433 F.3d 1083

433 F.3d 1083

NORTHERN CHEYENNE TRIBE, et al., Plaintiffs-Appellants,
Alphonso JACKSON, in his official capacity as United States Secretary of Housing and Urban Development, Defendant-Appellee.

No. 04-4145.

United States Court of Appeals, Eighth Circuit.

Submitted: September 16, 2005.

Filed: January 18, 2006.

James D. Leach, argued, Rapid City, SD, for appellant.

Mark E. Salter, argued, Asst. U.S. Atty., Sioux Falls, SD, for appellee.

Before LOKEN, Chief Judge, LAY and SMITH, Circuit Judges.

LOKEN, Chief Judge.


Bear Butte is a mountain formation seven miles northeast of Sturgis, South Dakota. It is a site of great spiritual significance for certain Native American tribes. In February 2003, six tribes and an unincorporated association (collectively, “the Tribes”) commenced this action against multiple defendants, seeking to enjoin construction of a shooting range near Bear Butte. The district court1 preliminarily enjoined the United States Department of Housing and Urban Development (HUD) and its Secretary from disbursing additional funds to the State of South Dakota for construction of the shooting range. When HUD later determined that the shooting range would not generate necessary public benefits, South Dakota withdrew its funding and the developers abandoned the project. The Tribes then dismissed their claims as moot. The district court denied an award of attorneys’ fees, concluding the Tribes are not prevailing parties under the Supreme Court’s decision in Buckhannon Board & Care Home, Inc. v. West Virginia Dept. of Health & Human Resources, 532 U.S. 598, 121 S.Ct. 1835, 149 L.Ed.2d 855 (2001). The Tribes appeal the denial of an award against HUD, arguing that the relief afforded by the preliminary injunction made them “prevailing parties” entitled to an attorneys’ fee award. We disagree and therefore affirm.



The City of Sturgis and its Industrial Expansion Corporation (collectively, “the City”) planned to purchase land and construct the shooting range. To fund the project, the City applied for and received a grant of $825,000 from funds allocated to the State of South Dakota under the Community Development Block Grant (CDBG) program established by Title I of the Housing and Community Development Act of 1974, 42 U.S.C. ?? 5301 et seq. Under that program, HUD allocates funds to each State to support development projects by local governments. Once funds are allocated, the State makes awards to local governments without prior HUD approval, but HUD conducts periodic audits to ensure that the State is properly awarding grants and administering the program. See 24 C.F.R. ? 570.493.


The Tribes filed their complaint against the Secretary of HUD, the City of Sturgis, and two private parties. The Tribes promptly moved for a preliminary injunction to prevent construction of the shooting range until the litigation was resolved. The Secretary moved to dismiss. The other defendants agreed to stay construction of the shooting range. The district court dismissed some claims but granted a preliminary injunction against the Secretary and HUD based on the Tribes’ claims under the Religious Land Use and Institutionalized Persons Act (RLUIPA) and the Religious Freedom Restoration Act (RFRA). As the State had previously transferred some CDBG funds to the City, the practical effect of the preliminary injunction was to compel HUD to bar the State ? a non-party to the lawsuit ? from accessing additional CDBG funds for the shooting range project.


In June 2003, after conducting a periodic review of South Dakota’s CDBG program, HUD advised the State that the Bear Butte shooting range project failed to satisfy any of the CDBG program objectives ? to benefit low and moderate income persons, to aid in preventing or eliminating slums or blight, and to meet other urgent community development needs. In September 2003, South Dakota responded by cancelling its CDBG grant to the City. With this loss of funding, the City abandoned its plans to build the shooting range. Defendants then moved to dismiss the lawsuit as moot; the Tribes agreed except for the issue of attorneys’ fees. The court dismissed the complaint as moot but granted the Tribes additional time to move for an award of attorneys’ fees. This appeal followed denial of that motion.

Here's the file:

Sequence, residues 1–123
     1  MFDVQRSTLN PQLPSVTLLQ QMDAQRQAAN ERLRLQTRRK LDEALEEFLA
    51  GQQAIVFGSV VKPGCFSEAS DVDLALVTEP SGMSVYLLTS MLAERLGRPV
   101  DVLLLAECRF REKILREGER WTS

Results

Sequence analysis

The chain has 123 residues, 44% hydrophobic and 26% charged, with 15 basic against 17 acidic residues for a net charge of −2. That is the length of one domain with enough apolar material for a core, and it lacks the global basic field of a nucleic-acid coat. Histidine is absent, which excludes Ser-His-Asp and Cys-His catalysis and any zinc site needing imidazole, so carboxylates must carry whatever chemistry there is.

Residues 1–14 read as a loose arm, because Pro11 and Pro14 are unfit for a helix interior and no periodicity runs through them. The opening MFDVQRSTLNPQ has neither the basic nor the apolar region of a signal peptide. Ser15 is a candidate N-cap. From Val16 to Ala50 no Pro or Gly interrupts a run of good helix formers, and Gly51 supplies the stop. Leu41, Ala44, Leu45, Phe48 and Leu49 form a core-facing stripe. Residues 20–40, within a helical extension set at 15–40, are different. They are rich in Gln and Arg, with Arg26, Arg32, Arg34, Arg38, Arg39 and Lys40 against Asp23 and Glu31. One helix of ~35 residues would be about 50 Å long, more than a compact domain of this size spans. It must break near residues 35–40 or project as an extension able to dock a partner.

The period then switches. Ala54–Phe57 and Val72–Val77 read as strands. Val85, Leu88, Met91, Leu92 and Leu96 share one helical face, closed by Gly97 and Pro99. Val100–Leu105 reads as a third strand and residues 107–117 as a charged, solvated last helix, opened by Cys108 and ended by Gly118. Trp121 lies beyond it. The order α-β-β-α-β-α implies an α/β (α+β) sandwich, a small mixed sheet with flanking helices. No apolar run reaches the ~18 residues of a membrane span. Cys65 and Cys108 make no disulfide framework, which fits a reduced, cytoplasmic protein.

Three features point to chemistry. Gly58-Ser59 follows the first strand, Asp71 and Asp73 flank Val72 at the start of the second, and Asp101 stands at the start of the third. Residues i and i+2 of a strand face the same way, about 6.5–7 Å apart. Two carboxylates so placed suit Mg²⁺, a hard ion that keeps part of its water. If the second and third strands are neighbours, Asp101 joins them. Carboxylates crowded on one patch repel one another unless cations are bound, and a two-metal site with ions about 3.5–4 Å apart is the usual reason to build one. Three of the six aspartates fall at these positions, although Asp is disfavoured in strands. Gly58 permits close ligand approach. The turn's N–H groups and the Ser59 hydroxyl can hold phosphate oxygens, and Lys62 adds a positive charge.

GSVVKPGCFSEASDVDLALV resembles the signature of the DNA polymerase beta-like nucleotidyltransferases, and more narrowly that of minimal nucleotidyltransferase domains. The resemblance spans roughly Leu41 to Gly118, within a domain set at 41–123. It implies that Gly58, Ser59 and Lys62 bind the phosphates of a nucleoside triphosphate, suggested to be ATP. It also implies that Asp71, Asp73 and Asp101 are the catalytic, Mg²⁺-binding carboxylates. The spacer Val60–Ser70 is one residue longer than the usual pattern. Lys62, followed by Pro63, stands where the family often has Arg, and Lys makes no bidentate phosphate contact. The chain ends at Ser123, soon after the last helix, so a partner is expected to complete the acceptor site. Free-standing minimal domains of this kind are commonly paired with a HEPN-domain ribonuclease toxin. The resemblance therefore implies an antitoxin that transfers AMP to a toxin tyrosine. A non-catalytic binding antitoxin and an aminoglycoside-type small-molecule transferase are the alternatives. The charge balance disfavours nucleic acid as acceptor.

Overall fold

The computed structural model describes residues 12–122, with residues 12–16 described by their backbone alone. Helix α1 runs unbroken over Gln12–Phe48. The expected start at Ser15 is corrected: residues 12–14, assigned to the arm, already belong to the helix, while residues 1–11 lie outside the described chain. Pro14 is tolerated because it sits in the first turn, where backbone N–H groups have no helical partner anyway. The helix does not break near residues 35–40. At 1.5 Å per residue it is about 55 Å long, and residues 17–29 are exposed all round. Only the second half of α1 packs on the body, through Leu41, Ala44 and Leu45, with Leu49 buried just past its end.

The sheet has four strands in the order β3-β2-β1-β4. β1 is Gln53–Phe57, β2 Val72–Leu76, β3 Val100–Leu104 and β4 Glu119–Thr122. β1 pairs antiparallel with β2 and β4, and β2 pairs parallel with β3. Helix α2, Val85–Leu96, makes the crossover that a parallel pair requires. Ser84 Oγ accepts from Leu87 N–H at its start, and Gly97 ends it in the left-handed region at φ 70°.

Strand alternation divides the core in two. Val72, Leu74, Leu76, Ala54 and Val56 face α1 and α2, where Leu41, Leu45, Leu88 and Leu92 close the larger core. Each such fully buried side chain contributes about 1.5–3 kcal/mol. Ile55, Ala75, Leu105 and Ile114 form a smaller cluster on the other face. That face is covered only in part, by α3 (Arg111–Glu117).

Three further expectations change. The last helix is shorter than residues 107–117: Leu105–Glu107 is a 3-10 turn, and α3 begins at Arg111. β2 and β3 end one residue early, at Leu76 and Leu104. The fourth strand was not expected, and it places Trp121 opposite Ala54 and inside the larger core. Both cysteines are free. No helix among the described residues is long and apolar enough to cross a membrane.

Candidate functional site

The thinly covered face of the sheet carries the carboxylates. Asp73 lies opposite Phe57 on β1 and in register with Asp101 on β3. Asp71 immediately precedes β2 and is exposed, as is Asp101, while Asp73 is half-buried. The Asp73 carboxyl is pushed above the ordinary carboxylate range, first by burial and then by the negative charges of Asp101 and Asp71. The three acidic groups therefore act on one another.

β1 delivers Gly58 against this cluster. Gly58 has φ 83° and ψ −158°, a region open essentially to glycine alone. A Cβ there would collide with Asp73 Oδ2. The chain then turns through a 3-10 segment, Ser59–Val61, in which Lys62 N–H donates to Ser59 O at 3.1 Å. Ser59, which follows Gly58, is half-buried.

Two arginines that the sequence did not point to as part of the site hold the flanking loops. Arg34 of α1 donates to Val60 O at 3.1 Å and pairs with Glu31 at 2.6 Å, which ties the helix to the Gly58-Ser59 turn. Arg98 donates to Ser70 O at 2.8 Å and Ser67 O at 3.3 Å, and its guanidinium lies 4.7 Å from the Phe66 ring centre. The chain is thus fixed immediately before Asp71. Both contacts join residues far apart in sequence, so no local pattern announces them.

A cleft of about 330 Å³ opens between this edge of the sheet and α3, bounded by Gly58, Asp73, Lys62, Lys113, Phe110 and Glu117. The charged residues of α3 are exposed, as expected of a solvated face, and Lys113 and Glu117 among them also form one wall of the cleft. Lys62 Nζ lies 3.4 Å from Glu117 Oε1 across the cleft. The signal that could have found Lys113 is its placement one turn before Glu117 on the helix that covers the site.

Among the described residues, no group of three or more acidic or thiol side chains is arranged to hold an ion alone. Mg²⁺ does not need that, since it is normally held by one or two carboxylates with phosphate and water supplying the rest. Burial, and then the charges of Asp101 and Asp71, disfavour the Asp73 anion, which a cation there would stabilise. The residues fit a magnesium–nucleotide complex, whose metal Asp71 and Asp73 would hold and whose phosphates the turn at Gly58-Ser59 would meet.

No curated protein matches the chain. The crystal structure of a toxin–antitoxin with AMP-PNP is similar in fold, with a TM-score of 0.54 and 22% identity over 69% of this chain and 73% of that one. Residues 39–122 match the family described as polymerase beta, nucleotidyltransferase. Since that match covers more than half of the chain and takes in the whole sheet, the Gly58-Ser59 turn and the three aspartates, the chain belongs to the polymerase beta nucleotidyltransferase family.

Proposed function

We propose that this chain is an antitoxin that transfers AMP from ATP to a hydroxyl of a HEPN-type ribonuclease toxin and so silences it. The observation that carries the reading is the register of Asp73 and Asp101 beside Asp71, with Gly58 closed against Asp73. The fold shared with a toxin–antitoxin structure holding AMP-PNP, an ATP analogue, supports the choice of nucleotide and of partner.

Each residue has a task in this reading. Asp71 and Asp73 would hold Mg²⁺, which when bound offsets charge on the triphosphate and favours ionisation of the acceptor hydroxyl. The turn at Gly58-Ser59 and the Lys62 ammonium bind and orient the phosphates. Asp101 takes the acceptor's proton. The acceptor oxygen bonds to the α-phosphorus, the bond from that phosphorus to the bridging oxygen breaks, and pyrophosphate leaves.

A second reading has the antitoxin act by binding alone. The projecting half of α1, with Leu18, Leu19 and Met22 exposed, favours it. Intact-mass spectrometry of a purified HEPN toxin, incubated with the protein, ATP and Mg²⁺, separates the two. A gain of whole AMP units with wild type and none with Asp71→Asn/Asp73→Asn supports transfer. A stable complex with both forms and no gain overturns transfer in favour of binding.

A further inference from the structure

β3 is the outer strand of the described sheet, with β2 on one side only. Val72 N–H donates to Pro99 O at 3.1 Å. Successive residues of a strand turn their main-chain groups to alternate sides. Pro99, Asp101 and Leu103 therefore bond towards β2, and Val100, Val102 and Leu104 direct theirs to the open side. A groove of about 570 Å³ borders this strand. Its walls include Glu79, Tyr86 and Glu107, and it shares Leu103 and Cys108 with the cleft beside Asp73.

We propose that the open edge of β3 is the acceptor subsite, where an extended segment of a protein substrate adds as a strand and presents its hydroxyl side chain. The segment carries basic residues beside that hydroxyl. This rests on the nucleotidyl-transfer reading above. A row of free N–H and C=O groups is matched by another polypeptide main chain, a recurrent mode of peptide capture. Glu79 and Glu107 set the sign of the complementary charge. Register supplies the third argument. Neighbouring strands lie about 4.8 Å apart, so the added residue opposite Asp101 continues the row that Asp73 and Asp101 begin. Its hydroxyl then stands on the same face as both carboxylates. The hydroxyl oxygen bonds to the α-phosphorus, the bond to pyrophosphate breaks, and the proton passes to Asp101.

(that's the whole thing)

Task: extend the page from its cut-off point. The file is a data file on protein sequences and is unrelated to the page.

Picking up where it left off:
Congress has granted district courts discretion to award attorneys’ fees to a “prevailing party” in an action to enforce RLUIPA or RFRA against the United States or its officials. See 42 U.S.C. ? 1988(b); 28 U.S.C. ? 2412(b). In Buckhannon, the Supreme Court rejected the “catalyst theory” then prevailing in the circuit courts, which permitted a plaintiff to recover fees if the lawsuit achieved the desired result through a voluntary change in the defendant’s conduct. Instead, the Court held that, to be a prevailing party entitled to a statutory attorneys’ fee award, a party must obtain a judicially sanctioned material alteration of the legal relationship of the parties to the lawsuit. 532 U.S. at 604-05, 121 S.Ct. 1835; see Cody v. Hillard, 304 F.3d 767, 772-73 (8th Cir.2002). Citing prior decisions, the Court noted in Buckhannon that court-ordered consent decrees and enforceable judgments on the merits create the requisite material alteration in the parties’ relationship. 532 U.S. at 604, 121 S.Ct. 1835. By contrast, we have held that a judicially approved class action settlement, and a declaratory judgment awarding no relief, do not. See Christina A. v. Bloomberg, 315 F.3d 990, 992-93 (8th Cir.2003); Sierra Club v. City of Little Rock, 351 F.3d 840, 845 (8th Cir.2003).2


Here, the only relief the Tribes obtained in the lawsuit was a preliminary injunction that barred HUD from providing funds for construction of the shooting range from the time the injunction was entered until South Dakota canceled its block grant to the City. The issue, then, is whether that judicially sanctioned injunction effected the requisite material alteration in legal relationship to make the Tribes prevailing parties against the federal defendant. We review this issue de novo. Christina A., 315 F.3d at 992.